Civics Education

United States
May 9, 2008 3:25pm CST
American Civics is no longer taught in most high schools due to tight budgets and other things being more important to public school policy makers. Do you think it should still be taught? Why or why not?
2 people like this
4 responses
• United States
9 May 08
Ethics should be taught in primary and high school. Catch them while they're young and teach them the value of living your life appreciating the rules of conduct, the rightness and wrongness of certain actions and the goodness and badness of the motives and ends of such actions. I know these things should also be taught at home but some parents are not capable of removing their biased from their teachings when it comes to their own children. I have made a few errors in this department myself and those mistakes are the hardest to rectify.
1 person likes this
• United States
9 May 08
You are right on target with that Lambchoper. Ethics is something we can never learn to well. I think you may have misread my question though. I was actually asking about Civics, how our government works and how it is structured. It is still taught in my daughter's high school, but it has become an almost year to year debate as to whether or not it will be taught. I remember thinking it was such a boring class myself, but I understand that so few students are being educated about government that in a survey of I think 500,000 high school students a huge number thought that reporters had to get governmental permission before writing a story.
• United States
9 May 08
I just found the link to the study it was 100,000 students and 51% did not realize the government could not control what is published.
• United States
9 May 08
You're right I misread your question or more accurately I think I saw what I wanted to see heheh. To answer your question about Civics I strongly feel they younger generations should be taught and be aware of their role and duty in our government. The American system of government was designed to give citizens a say in how their country is run and not educating generations of our children about this is the fast track to a dictatorship. Brings this quote to mind. "I'm the decider!" Wrong wiener we are.
2 people like this
• United States
9 May 08
Hi Sugar, I do think that American Civics/ government should be taught yet in high school. It's really difficult to get high schoolers to become decent American citizen, and to have them learn more about America, if they aren't taught it. Maybe high schools could put it in the curriculum as a part of the history class? It would fit in. I remember having it as a part of our American history class in high school, along with an American Govt. Class.
@fifileigh (3619)
• United States
10 May 08
probably because it is boring as hell. i hate civics. bored me and wasted my time. i think it should be taught as an elective for the few kids in school who actually enjoy that stuff. usually the ones that like to debate and want to be future lawyers. i dont think most teens care for that garbage.
• United States
11 May 08
Boring as hell.......waste of time.......I guess you will never vote, thank God. Most teens don't care for that garbage? Have you considered a nice dictatorship like Cuba, North Korea, Venezuela? They don't bother with things like civics since they do what they are told, ya, why bother. So you do not want to be a lawyer, can't blame you for that....Perhaps you should just drop out and take a job as an executive VP with Microsoft. Is there a big call for illiterate and uninformed hamburger flippers?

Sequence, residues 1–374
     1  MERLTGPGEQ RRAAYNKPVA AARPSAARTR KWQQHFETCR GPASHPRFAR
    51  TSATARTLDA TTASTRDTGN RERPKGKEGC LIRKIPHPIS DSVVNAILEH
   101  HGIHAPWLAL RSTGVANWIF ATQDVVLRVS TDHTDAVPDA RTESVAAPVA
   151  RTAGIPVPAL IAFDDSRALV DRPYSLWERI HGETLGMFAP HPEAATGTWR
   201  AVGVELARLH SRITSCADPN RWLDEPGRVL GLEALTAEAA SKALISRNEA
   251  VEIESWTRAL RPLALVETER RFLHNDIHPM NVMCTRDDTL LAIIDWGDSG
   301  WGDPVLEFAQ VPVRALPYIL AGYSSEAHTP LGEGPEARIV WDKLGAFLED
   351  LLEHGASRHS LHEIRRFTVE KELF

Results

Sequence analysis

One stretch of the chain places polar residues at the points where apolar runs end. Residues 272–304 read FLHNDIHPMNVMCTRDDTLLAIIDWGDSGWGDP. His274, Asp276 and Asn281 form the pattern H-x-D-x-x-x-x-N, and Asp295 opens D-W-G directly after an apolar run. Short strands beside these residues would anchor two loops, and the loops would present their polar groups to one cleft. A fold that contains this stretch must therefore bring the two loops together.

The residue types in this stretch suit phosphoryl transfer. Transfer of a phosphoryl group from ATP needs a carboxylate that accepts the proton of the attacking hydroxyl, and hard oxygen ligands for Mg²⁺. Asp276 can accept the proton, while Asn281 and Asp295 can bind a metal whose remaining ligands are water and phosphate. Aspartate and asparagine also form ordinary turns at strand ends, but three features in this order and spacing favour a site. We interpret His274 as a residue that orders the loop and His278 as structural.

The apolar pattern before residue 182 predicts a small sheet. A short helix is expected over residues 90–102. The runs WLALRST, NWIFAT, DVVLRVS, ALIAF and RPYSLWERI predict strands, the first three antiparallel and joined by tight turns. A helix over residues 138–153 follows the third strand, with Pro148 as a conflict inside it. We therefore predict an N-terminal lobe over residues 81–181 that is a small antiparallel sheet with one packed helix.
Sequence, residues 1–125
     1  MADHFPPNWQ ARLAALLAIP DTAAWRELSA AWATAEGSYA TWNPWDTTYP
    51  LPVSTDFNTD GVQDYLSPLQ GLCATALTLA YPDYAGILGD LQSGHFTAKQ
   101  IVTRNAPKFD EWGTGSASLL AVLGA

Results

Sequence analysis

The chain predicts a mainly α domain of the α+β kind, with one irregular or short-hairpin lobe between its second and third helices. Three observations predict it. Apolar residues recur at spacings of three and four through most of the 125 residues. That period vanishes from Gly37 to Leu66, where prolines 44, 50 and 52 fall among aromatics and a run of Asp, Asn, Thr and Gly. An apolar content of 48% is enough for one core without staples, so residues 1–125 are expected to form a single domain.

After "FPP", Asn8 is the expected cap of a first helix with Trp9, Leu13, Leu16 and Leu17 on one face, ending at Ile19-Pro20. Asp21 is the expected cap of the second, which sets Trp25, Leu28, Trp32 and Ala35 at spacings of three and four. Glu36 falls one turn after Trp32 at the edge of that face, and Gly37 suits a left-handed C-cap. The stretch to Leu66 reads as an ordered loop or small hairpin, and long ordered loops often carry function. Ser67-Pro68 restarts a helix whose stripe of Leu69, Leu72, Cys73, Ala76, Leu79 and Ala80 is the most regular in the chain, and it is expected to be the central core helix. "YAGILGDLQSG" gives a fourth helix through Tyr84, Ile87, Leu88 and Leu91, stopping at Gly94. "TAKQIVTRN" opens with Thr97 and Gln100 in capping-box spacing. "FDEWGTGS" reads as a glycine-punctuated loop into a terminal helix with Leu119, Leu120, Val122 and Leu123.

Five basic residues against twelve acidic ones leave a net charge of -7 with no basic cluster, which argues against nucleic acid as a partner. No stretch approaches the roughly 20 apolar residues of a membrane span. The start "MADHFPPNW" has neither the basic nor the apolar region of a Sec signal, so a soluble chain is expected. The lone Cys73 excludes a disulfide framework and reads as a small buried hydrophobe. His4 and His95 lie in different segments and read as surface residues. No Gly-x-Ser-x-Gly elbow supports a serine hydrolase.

@Exertus (24)
• United States
15 May 08
Absolutely. I am deeply concerned for the long term future of our country. She has been suffering erosion from within for the last 4 decades. I have a lot of immigrant friends who became citizens. One gentlemen, born and raised in Malaysia, took the required courses and the oath and became a citizen. He is a patriot of the first order, and someone I honor deeply as an American citizen. He has a greater love for this country and his new life than anyone I have ever met. He tells me that he learned about what there was to love in our country through these classes, and that these classes led him to want to discover more. So why not our children? Are our children not aliens too? Yes. Are they born with inherent flag waving American blood?... No. And they are going to teach their children about 80% of what they learned from us, as we have only taken a portion of what our parents believed in. What's left in 4 more generations? With this in mind, I feel we need to be teaching our children in school. And while we are at it, let's get prayer, art and music back in. We need creative, faithful people - not just politically correct number crunchers. We have all but eliminated prayer and the Pledge of Allegiance in our schools to appease the few. Partly because of this. The few will become many.
• United States
15 May 08
It's so funny that you brought up immigrants who have gone on to become citizens. I too have a couple of acquaintances who have taken the classes to become citizens. They are inspiring in their passion for this great country. They are more "American" than many Americans born into their citizenship. I think this is something we have to demand of local School Boards as the authority for making curriculum decisions on subjects that are not-required for college admissions seems to fall on them. To be fair they are under pressure to meet other Federal and State requirements with limited budgets. Scores for college admissions are taken into account in determining a school's overall funding by the Feds. Students are not tested on their knowledge of their country's government since it is not considered that important by the Federal government. Scary thought!
1 person likes this